How to Protect Yourself from the New Tech Support Scam

Maureen Mahoney
Public Policy Fellow

Friday, April 8th, 2016

One of the most pervasive – and virulent – phone scams is the tech support scam. Hundreds of consumers have told us about the unsolicited calls from purported tech support staffers who claim that your computer is in trouble – and asks for access to your computer to fix it.

Now there’s a new version of the tech support scam. The Federal Trade Commission (FTC) reports that they’ve heard from consumers about calls, supposedly from the “Global Privacy Enforcement Network.” The callers say that your email has been compromised and is releasing fraud emails.

The scammers will then threaten you with legal action unless you hand over control of your computer. Once in, scammers could access important personal and financial information about you – and even screw up your computer.

Making matters even more confusing, there actually is a Global Privacy Enforcement Network. Consumers who look it up will find a legitimate website – so the scammers will send you there to make their claims seem genuine. They’ll also give out the FTC’s number, supposedly so that you can verify their claims (that may be why the FTC was tipped off so quickly to the scam.)

This is a variation on a common scam that’s been victimizing consumers for years – and that can be very costly for consumers. Marilyn from San Jose says: I was contacted by phone by a man who said he could help me with the problems I was having on my computer. An hour later he had convinced me to disconnect all my internal protections, and must have had the keys to controlling my computer by then. Really messed up the computer.”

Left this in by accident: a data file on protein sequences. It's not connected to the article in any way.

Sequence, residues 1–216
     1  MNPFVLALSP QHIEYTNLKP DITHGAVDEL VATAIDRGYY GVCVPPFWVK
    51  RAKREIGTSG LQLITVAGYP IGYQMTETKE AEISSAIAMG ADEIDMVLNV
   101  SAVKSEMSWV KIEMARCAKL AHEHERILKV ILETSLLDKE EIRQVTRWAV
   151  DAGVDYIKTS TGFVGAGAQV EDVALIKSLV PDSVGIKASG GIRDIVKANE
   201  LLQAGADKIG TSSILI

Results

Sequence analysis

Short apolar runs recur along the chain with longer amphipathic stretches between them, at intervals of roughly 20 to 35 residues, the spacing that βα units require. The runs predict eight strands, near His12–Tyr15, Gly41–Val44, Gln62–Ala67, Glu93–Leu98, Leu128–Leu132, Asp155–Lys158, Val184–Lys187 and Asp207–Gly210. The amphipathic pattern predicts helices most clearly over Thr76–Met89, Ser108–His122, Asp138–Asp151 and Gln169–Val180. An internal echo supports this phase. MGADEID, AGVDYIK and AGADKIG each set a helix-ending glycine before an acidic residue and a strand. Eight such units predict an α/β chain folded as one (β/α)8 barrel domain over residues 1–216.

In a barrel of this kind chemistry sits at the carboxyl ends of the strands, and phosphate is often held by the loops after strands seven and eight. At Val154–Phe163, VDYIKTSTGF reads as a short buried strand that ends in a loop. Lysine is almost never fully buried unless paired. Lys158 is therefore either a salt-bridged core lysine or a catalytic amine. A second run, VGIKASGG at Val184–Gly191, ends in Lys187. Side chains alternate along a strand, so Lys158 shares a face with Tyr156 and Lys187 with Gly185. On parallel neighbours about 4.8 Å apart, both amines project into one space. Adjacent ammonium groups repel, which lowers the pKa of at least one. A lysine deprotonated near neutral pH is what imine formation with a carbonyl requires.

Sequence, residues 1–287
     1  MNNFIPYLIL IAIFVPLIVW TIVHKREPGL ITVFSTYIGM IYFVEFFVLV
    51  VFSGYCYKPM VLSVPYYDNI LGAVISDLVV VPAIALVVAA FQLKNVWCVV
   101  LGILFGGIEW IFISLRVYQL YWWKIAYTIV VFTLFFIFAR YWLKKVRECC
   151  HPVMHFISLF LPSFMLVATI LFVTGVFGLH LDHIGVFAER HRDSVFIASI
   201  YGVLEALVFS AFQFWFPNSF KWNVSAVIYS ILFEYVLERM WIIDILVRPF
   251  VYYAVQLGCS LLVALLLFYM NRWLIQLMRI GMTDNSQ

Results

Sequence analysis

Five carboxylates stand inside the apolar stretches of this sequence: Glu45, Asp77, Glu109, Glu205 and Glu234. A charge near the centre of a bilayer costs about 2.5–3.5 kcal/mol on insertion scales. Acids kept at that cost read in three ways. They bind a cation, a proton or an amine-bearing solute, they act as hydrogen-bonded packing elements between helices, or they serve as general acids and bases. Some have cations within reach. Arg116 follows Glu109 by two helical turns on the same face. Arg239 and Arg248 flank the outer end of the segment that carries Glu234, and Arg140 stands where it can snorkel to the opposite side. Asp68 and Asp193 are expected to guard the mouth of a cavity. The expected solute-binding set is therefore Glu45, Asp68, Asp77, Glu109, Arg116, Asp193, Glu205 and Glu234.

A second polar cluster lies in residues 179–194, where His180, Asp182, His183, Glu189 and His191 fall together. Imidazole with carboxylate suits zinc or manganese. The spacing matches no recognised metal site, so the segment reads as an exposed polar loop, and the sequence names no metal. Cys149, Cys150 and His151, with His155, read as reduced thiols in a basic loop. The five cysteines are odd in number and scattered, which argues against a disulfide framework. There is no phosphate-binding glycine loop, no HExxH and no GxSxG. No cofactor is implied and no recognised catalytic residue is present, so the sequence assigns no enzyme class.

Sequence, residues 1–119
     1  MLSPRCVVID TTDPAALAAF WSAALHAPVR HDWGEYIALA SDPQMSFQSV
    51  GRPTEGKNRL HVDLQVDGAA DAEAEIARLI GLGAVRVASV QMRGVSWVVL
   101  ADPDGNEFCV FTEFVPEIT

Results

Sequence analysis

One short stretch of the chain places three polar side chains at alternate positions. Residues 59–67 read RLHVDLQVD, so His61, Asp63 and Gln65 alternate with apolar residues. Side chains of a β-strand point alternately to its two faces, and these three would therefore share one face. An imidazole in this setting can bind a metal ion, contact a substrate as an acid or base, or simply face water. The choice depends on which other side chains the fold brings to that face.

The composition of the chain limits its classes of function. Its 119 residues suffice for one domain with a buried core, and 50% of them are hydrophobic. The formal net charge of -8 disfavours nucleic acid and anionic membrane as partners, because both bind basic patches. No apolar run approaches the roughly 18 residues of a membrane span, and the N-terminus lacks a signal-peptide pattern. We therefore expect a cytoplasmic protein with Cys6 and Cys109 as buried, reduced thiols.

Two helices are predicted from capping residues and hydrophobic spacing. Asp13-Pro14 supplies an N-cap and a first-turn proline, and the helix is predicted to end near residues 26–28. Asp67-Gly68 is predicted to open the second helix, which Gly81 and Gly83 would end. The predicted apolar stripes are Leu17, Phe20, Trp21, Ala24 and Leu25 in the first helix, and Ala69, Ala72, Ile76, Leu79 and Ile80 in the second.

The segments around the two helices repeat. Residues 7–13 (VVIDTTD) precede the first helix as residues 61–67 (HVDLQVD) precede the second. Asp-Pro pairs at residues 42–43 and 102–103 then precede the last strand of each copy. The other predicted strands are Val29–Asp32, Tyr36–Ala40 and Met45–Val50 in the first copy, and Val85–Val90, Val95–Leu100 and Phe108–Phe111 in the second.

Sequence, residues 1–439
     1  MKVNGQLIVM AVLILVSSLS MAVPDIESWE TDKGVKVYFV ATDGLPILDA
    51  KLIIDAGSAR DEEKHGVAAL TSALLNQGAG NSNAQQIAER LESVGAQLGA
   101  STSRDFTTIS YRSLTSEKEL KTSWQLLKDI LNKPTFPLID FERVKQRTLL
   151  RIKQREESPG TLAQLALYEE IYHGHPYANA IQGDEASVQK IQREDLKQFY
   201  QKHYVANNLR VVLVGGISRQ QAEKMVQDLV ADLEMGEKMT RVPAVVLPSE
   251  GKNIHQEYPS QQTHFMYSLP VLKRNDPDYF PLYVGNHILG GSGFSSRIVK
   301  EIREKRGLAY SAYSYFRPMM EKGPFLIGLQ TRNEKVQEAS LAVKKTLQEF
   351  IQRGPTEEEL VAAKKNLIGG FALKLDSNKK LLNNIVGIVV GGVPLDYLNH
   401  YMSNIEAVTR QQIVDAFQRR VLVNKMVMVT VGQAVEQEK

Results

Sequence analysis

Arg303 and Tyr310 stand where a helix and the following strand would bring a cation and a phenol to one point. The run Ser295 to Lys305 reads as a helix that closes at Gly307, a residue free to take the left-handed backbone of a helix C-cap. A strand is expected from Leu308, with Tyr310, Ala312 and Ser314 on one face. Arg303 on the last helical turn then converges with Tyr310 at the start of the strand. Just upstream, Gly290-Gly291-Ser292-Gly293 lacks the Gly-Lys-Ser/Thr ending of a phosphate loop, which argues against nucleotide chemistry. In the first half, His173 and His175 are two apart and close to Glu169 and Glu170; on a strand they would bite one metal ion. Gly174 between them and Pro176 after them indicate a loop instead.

What can you do to protect yourself? The FTC has a few tips tailored to this particular scam:

  • Don’t hand control of your computer over to someone else – especially someone who contacts you unsolicited;
  • Don’t give out personal or financial information to someone contacting you over the phone or Internet;
  • Don’t let anyone pressure you into taking action immediately – just hang up!
  • Do contact your computer security company immediately if you are worried. But don’t use the number provided to you over the phone or computer. Use the number that you have on file.

Remember – no tech support staffer will contact you unsolicited, either over the phone or over the Internet. For more information, please click here for our tips on avoiding the tech support scam. And keep in mind that a foolproof way of avoiding telephone scam calls is to block them before they get to you! Click here to join our campaign to end unwanted robocalls, and help put a stop to phone scammers.

View all Campaign Updates

Leave a Reply

Your email address will not be published. Required fields are marked *